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Being choosy when selecting hits
Be choosy when selecting Web pages from a list of search engine hits, especially for college-level research. In any list of hits, try to answer the question: "Who are they, and why are they qualified to publish on this topic?" Try to establish the authority (believability, credability) of the information. The domain extension part of the URL address tells us what TYPE of Web site it is, which also tells us something about why they are publishing information on the Web. Here are the most common U.S. domains and what they mean:
.com= commercial site. The most common domain. Be aware that they may be trying to sell something.
.biz= small business site. More recently available as a domain, not as common. Same warning as above.
.net= network. An internet-provider site.
.edu= education. Schools, libraries, museums, and universities use this domain. Generally trustworthy, but be careful about using something published by another student or other non-expert.
.org= organization. Usually a good source for whatever the purpose of the organization is. Google the name of the organization to check them out. Watch for bias if they are promoting ideas or policies.
.mil= military. Usually preceded by .navy, .army or other services.
.gov= U.S. government sites. Many great informational sites are .govs, because government agencies collect information and conduct research.
.state.__.us= State government sites. Fill in the two-letter state abbreviation such as state.tx.us for Texas government sites.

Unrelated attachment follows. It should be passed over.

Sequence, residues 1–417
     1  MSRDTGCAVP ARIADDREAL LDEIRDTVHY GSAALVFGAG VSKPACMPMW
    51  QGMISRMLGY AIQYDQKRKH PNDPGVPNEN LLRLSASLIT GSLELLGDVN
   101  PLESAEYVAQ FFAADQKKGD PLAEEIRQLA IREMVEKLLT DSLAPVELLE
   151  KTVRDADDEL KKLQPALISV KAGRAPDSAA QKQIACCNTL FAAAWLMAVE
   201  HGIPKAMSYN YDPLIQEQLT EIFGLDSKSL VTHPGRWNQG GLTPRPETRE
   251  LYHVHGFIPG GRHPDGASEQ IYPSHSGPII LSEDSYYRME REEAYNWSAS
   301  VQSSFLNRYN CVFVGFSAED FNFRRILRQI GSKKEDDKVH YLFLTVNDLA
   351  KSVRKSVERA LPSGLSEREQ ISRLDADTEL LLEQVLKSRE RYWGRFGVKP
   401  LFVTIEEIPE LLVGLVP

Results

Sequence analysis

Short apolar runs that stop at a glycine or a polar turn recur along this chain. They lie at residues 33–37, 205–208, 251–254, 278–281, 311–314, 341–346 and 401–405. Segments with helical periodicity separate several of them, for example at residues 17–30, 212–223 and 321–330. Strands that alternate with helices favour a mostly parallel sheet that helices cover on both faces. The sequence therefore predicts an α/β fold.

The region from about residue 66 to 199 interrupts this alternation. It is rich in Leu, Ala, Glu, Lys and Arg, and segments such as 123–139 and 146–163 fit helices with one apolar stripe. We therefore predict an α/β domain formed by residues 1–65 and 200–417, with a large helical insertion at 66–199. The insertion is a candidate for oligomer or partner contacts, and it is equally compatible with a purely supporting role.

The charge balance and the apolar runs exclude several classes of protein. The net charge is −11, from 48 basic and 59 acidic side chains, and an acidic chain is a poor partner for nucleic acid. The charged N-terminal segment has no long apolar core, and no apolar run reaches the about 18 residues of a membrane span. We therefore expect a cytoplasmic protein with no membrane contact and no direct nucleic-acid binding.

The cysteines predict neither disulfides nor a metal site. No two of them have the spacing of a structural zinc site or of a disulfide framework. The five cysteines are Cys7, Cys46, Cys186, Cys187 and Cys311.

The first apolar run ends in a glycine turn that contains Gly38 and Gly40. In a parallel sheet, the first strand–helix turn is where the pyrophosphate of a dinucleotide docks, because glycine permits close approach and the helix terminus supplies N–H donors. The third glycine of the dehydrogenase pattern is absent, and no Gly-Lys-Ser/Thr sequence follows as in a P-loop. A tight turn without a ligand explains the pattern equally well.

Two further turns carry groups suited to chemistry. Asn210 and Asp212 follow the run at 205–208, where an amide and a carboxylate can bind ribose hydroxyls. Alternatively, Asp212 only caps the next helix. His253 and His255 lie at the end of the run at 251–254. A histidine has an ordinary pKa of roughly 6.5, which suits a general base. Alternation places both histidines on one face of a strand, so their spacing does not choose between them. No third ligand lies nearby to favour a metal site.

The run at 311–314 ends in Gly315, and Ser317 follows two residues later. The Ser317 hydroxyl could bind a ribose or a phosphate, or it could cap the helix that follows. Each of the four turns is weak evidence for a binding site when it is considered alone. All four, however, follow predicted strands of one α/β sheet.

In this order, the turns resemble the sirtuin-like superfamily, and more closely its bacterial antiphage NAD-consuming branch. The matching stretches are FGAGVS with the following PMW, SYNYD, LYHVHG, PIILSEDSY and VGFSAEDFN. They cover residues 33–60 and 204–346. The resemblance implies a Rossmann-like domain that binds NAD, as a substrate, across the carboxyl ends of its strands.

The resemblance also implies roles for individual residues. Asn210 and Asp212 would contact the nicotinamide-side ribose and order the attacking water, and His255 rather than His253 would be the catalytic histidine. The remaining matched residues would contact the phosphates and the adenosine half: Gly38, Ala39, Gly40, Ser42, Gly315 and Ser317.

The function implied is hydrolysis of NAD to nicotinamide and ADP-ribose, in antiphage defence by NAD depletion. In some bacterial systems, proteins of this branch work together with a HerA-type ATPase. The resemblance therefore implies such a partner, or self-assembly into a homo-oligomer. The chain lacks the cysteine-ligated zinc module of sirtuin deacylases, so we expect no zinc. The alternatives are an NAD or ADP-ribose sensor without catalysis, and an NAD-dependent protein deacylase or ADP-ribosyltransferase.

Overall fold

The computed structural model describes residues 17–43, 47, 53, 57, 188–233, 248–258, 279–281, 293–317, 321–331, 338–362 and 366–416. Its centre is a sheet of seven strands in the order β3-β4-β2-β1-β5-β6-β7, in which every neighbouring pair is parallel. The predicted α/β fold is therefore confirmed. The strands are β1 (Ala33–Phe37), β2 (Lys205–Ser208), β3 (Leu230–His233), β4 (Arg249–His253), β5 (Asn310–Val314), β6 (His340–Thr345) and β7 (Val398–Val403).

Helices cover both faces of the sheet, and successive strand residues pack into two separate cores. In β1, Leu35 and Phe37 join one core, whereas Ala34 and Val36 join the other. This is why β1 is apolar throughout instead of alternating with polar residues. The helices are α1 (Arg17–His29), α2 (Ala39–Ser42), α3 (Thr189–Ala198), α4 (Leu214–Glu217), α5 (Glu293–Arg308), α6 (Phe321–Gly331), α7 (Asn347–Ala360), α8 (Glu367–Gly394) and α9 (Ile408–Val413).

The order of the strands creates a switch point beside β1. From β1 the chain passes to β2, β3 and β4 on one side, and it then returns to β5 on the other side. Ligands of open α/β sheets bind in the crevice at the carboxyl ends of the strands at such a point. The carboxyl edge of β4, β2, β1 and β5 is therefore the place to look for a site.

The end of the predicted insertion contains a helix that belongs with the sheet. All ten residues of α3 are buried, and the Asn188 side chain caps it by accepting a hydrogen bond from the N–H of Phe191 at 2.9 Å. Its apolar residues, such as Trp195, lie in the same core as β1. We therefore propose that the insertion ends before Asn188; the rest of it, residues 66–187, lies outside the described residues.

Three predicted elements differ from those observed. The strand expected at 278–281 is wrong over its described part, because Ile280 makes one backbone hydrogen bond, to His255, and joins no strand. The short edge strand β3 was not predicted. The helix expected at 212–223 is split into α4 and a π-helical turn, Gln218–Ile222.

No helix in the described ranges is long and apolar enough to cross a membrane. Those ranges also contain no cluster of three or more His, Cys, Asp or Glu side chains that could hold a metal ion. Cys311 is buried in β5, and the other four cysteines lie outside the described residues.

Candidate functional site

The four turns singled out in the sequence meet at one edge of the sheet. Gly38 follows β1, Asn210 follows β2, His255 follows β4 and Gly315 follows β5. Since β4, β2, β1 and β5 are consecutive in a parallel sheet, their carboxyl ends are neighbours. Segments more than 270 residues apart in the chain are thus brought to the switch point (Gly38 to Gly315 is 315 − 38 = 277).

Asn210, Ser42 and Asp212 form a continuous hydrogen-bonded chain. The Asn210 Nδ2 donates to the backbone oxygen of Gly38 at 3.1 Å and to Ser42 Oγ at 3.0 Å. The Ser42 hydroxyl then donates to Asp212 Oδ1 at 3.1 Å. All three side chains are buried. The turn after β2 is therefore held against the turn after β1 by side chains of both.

Other countries: Address URLs end in the official two-letter abbreviation for their country: .ca for Canada or .uk for United Kingdom, etc.
After noticing domains, look for Web sites that are...
- Published by well-known magazine, newspaper or news organizations. Most of the major print publishers and news media organizations have Web sites that end in .com. (examples: cnn.com, nytimes.com, time.com, newsweek.com) Remember to cite these sources as Web pages. You will need to recognize the name of the publication or news organization in this type of site, because there are so many .com domains.
- Published by well-known organizations. Their purpose is to create information about their main causes. Look at the home page of the site for "about us" or "info" links to learn more, and look for information about the organization in Google or Wikipedia. Are they the main organization for this cause?
- Published by an educational institution. Many libraries, colleges, universities, schools and some museums fall into this category. However, .edu domains might also have student work on their Web site, so check the author's credentials. Does the information have errors, typos, or other indications of student work? Google the author's name to learn more about them. Are they an expert on the subject?
- Published by a government agency. Federal and state governments collect and create a large amount of information for their constituents. For example, MedlinePlus.gov is a great site for medical information, and is published jointly by the National Institutes of Health and the National Library of Medicine. It brings together Web sites from other well-known research organizations for health care.
If you do not find a Web page from one of the above types, ask "What can I find out about this Web site?" Go to the home page of the site and look for "about us" or "info" links to learn more. For any information source, you should be able to apply the "CRAAP" Test. See the page of CRAAP test information.
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